University of Wisconsin's Mac OS X Challenge. HABITcky writes "The University of Wisconsin Security Challenge has ended after 38 hours, intermittent DoS attacks, 4000 ssh login attempts, a bandwidth spike of 30 Mbps, and 6 million logged ipfw events. During this time there were 'no successful access attempts, nor any claims of a successful attempt.' You may remember this challenge was proposed in response to the 'woefully misleading' ZDnet article, Mac OS X hacked under 30 minutes, which was previously discussed here on Slashdot."
Skeptics investigate cold fusion.smooth wombat writes "As a follow-up to a previous Slashdot posting, Purdue University is investigating the claims of Rusi Taleyarkhan who claimed in 2004 to have created nuclear fusion at room temperature. The investigation came about from complaints from colleagues who suspect something is amiss. Taleyarkhan, who used to work at Oak Ridge National Laboratory, has, since working at Perdue, removed the equipment the co-workers were using to try and replicate the results, claimed results for experimental runs were positive for fusion despite the co-workers never seeing the raw data and opposed the publication of results which contradicted his findings."
More on DoD web filtering. timetrap writes "I work in a mobile combat communications unit, while I'm not in the sandbox right now, I can attest to the DoD policy on blocking web access. First of all when you are down range don't expect to even get DSL speeds from a satellite, we usually roll with about 256kbs for the data side of our trunk. So blocking sites is very important, otherwise 4 or 5 people could start streaming audio and pretty much knock down any legitimate use of the network. We filter websites with smartfilter and yes the military system admins in the IPO office will unblock any web site that isn't blocked by local policy (no pr0n, no streaming audio, no civilian web mail: both the hot and the g varieties, and no chat programs; although irc is used by the DoD) This is no Orwellian conspiracy, but quick and easy system administration; apply smartfilter: check! If you want to check the current smartfilter blocked sites goto: securecomputing and submit some sites to check." Slashdot's own Jamie took a look at Smartfilter back in '99 as a part of the Censorware project and it still remains a mysterious black box to this day. While some would advocate full disclosure using censorware still appears to be merely passing the buck.
More child-proofing efforts for MySpace. conq writes "BusinessWeek has an interview with Connecticut Attorney General Richard Blumenthalin in which he describes measures MySpace and other similar sites should take to protect children. From the article: 'We're going to be suggesting some very specific measures that MySpace can take based on our conversations with MySpace as well as with other law enforcement authorities at the state and local levels. We've received hundreds of complaints from parents who are concerned about these issues, and we want to be sure that the measures we propose are technologically feasible and financially viable.'"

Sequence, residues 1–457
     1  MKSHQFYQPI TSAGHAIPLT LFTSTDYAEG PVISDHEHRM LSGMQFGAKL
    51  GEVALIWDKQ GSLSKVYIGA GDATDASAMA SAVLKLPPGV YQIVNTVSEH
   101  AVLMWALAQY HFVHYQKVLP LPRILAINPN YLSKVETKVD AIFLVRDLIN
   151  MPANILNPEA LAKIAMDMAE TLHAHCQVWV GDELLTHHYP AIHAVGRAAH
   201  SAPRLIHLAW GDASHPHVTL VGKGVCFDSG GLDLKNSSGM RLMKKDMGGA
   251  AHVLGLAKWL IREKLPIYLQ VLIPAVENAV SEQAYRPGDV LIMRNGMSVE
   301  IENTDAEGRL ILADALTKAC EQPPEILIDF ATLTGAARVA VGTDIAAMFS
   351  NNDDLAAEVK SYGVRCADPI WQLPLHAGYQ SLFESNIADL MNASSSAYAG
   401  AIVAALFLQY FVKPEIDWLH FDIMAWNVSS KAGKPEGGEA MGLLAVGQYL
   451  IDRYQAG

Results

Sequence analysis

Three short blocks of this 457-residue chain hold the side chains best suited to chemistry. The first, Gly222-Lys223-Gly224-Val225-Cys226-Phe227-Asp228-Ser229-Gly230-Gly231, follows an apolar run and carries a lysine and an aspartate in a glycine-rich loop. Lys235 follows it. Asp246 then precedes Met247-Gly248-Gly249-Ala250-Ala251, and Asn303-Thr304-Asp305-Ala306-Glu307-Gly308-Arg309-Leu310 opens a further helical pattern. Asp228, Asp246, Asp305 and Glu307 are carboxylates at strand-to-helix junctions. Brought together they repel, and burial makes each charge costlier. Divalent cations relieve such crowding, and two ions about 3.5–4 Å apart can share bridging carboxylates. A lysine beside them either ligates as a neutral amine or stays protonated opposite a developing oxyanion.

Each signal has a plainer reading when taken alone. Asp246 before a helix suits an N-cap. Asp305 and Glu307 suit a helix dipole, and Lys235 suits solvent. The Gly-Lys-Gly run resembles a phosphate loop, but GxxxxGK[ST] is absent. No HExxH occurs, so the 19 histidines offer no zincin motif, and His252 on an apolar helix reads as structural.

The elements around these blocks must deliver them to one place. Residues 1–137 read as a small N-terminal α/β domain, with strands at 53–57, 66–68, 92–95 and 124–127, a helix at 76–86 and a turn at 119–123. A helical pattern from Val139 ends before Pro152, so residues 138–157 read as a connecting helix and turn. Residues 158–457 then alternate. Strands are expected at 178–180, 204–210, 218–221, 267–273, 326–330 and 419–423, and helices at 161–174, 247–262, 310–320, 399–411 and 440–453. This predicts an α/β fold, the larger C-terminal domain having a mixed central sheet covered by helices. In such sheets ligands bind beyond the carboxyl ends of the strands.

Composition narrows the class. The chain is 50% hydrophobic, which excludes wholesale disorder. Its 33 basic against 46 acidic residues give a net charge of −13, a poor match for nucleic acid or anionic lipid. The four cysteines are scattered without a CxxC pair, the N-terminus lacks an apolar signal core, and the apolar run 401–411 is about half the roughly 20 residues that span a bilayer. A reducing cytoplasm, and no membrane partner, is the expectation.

Why Windows Vista will Suck: a rebuttal. shrapnull writes "Hot on the heels of Extreme Tech's 'Why Windows Vista Won't Suck', Steven J. Vaughan-Nichols has an alternate position posted on DesktopLinux, and sent to subscribers of Novell's 'Suse Linux Cool Solutions' newsletter."
Harvard researcher punished for reporting bugs. Guillermito writes "A story previously discussed came to a sad conclusion two weeks ago. The bottom line is this means that it is forbidden to use reverse engineering tools to find bugs in a software. You also have to prove that you own a valid license for each version of the tested software. To publish a proof of concept that contains a few dozens of copyrighted bytes is also forbidden. It's a nice precedent for any company selling a defective product."
Assemblyman Biondi backpedals on NJ anonymous posting bill. Quadraginta writes "Earlier, denizens of Slashdot reacted to a story about a bill to be introduced to the New Jersey legislature that would require hosts of forums, bulletin boards and the like to keep track of the real identity of anonymous posters. Seems like there was a strong reaction all over. Assemblyman Biondi now appears to be backpedalling furiously. From a letter quoted after the link: 'I am getting inundated with responses which I will review and use to better educate myself on the implications of this bill. If, after reviewing all of the correspondence and the opinion of OLS, it turns out that the bill is, in fact, unworkable, I will certainly reconsider and withdraw it.'"
A followup on Chinese TLDs. nqz writes "In this story on ComputerWorld, ICANN and the China Internet Network Information Center (CNNIC) both dispute a previous story discussing China's new top-level domains containing Chinese characters."